Former Congressman Alan Grayson: the time has passed for Democrats to play nice listen06/06/12 Liz McKibbon
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Florida officials appear to be continuing the fight to purge non-citizens from voter rolls this election cycle. Democratic and human rights activists gathered at the Marriott in St. Petersburg last night where former Congressman Alan Grayson blamed Republicans for a lack of solutions.
Community leaders lectured to a standing room only crowd of nearly 100 attendees that included activists and area residents. Frank Dellert heads the Committee for Voter Rights as a member of Occupy Bradenton.
“The Justice Department, I talked to them yesterday in Washington DC, and the Justice Department is not going to let them get away for all that they want to do. But at least they’ve stopped the fines for the early voting and getting them in within 48 hours to the registration. And you have to do that. The League of Women Voters is gonna [sic] be back and they can now register voters again.”
The League announced today that they will once again mobilize efforts to register voters after more than a year of stagnation, due primarily to 2011 changes in Florida voter laws. The group suspended third party voter registration drives because of a provision of the law that required forms to be turned in within 48 hours or risk hefty fines. That provision has now been overturned in court. Darden Rice is president of the St. Pete area League of Women Voters.
“Today, exactly, we're not doing voter registration , but we’re asking our members to sign up to be voter registration volunteers for the League. So we’re getting ready. Over the next few weeks we are going to be training our volunteers to conduct registration according to the new requirements, and we will be working closely with the local Supervisor of Elections when possible.”
Supporters of the stricter laws assert the regulations will decrease voter fraud. Democratic opponents say the rules are a partisan roadblock, unfairly effecting liberal-leaning and independent voters that isn’t even needed. A Brennan Center for Justice study shows that voter fraud is uncommon. And according to the Orlando Sentinel, the last major voter fraud case involved absentee ballots. But supporters of tougher voting laws aren’t making changes to that. At a Brandon Chamber of Commerce event last week, Republican Florida Senator Ronda Storms contended that absentee ballots aren’t the problem.
“I saw the challenges to each individual absentee. That was done. And incidentally – or maybe not incidentally - challengers were primarily the democrats that were challenging military votes.”
Former Orlando-area Democratic Congressman Alan Grayson was the keynote speaker of the event. He says the focus for Democrats should not be to play nice with Republicans, but instead to find solutions to middle class problems. Grayson turned heads on the floor of the House when said that the Republican healthcare plan is “don’t get sick, and if you do, die quickly.”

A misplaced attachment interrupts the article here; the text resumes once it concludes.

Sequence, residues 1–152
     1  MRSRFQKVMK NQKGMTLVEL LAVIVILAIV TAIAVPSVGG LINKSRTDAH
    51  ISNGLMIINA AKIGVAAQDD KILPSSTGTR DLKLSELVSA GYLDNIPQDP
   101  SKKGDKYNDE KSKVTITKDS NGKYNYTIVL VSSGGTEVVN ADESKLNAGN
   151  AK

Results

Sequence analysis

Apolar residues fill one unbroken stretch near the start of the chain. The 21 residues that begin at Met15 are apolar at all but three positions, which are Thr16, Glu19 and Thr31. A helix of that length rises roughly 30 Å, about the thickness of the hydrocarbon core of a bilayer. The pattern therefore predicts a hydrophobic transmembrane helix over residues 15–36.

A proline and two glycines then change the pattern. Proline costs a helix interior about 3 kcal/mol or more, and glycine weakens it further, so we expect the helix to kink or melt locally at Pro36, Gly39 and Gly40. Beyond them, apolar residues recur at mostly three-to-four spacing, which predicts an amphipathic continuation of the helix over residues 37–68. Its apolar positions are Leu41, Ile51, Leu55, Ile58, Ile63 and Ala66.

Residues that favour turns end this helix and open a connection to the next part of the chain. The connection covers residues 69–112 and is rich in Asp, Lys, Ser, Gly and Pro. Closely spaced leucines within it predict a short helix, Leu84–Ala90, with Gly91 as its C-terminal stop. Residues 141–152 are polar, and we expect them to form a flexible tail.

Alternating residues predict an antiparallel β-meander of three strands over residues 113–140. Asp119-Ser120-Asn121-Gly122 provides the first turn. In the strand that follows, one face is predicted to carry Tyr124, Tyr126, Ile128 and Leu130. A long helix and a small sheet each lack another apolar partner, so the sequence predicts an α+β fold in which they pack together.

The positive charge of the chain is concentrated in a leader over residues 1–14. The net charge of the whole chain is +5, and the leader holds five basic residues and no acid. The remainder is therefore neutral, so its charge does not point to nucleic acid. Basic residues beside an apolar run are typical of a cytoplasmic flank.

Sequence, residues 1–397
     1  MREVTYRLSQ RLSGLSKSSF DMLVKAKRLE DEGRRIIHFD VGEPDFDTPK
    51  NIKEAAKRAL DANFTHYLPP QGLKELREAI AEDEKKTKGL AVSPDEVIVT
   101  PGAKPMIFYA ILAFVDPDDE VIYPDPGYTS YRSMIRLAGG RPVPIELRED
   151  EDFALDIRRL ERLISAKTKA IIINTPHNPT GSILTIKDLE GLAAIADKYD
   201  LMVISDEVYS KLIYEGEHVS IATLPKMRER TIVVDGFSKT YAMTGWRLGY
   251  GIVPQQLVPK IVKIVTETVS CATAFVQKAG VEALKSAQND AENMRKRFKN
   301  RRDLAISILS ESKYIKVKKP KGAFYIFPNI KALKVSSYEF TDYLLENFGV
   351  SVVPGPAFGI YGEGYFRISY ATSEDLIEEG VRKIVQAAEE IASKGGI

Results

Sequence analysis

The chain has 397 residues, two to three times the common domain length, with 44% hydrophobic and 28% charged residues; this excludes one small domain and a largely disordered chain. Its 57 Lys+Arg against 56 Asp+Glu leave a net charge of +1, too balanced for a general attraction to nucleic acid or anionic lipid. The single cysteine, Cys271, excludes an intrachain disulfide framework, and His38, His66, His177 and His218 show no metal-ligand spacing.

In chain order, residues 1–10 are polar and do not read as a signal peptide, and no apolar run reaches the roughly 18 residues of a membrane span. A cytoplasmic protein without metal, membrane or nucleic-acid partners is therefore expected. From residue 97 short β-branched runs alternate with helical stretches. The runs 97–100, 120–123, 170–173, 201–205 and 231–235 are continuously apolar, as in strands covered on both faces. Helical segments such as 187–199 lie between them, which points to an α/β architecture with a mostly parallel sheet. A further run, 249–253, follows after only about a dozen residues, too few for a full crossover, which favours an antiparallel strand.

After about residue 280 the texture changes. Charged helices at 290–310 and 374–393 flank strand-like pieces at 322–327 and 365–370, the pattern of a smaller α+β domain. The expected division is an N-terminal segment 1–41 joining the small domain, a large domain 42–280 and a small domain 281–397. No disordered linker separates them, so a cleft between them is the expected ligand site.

“And across the board its exactly the same thing. If you don’t have a job, go drive a taxi. That’s the Republican jobs plan. What’s the Republican education program? Study. What is the Republican housing plan? Move into your car. They simply don’t even take a stab at answering the fundamental problems that we face. And when we get down to it, the reason why they hate government so much is because they’re so bad at it.”
And Democrats are at a financial disadvantage. Many people think that Republicans just plain have more money to give. Grayson ran for Congress in a longstanding Republican central Florida district. He said he faced huge outside spending nationwide from Republicans.
“In Orlando, among the Republican incumbents, two third—more than two thirds almost three quarters of all the money they raised was from Corporate Political Action Committees. We didn’t raise a single dollar in the last quarter from Corporate Political Action Committees and nevertheless outraised everybody else. In the past 9 months, our campaign has raised more money than any challenger campaign in the entire country and also more money than 99% of the current members of congress.”
Grayson says he takes a more grassroots fundraising approach. $2 million has been raised so far for his re-election campaign, but the average contribution is only $42.
“It turns out that if you do the math, 50,000 contributors contributing $40 a piece, actually works out more than 10 PACS contributing $10,000 each. Quite a bit more actually.”
Chardonnay Singleton is with the Florida Consumer Action Network. She agrees that a boots on the ground strategy is key for Democrats.
“If there is [sic] enough people who get mobilized to actually go out into their neighborhoods and talk to people about why it’s important to get registered, and also educate them on how they are trying to suppress people on voting, then I definitely feel like the campaign can be successful. And more people will be—or less disenfranchised and things will work out better.”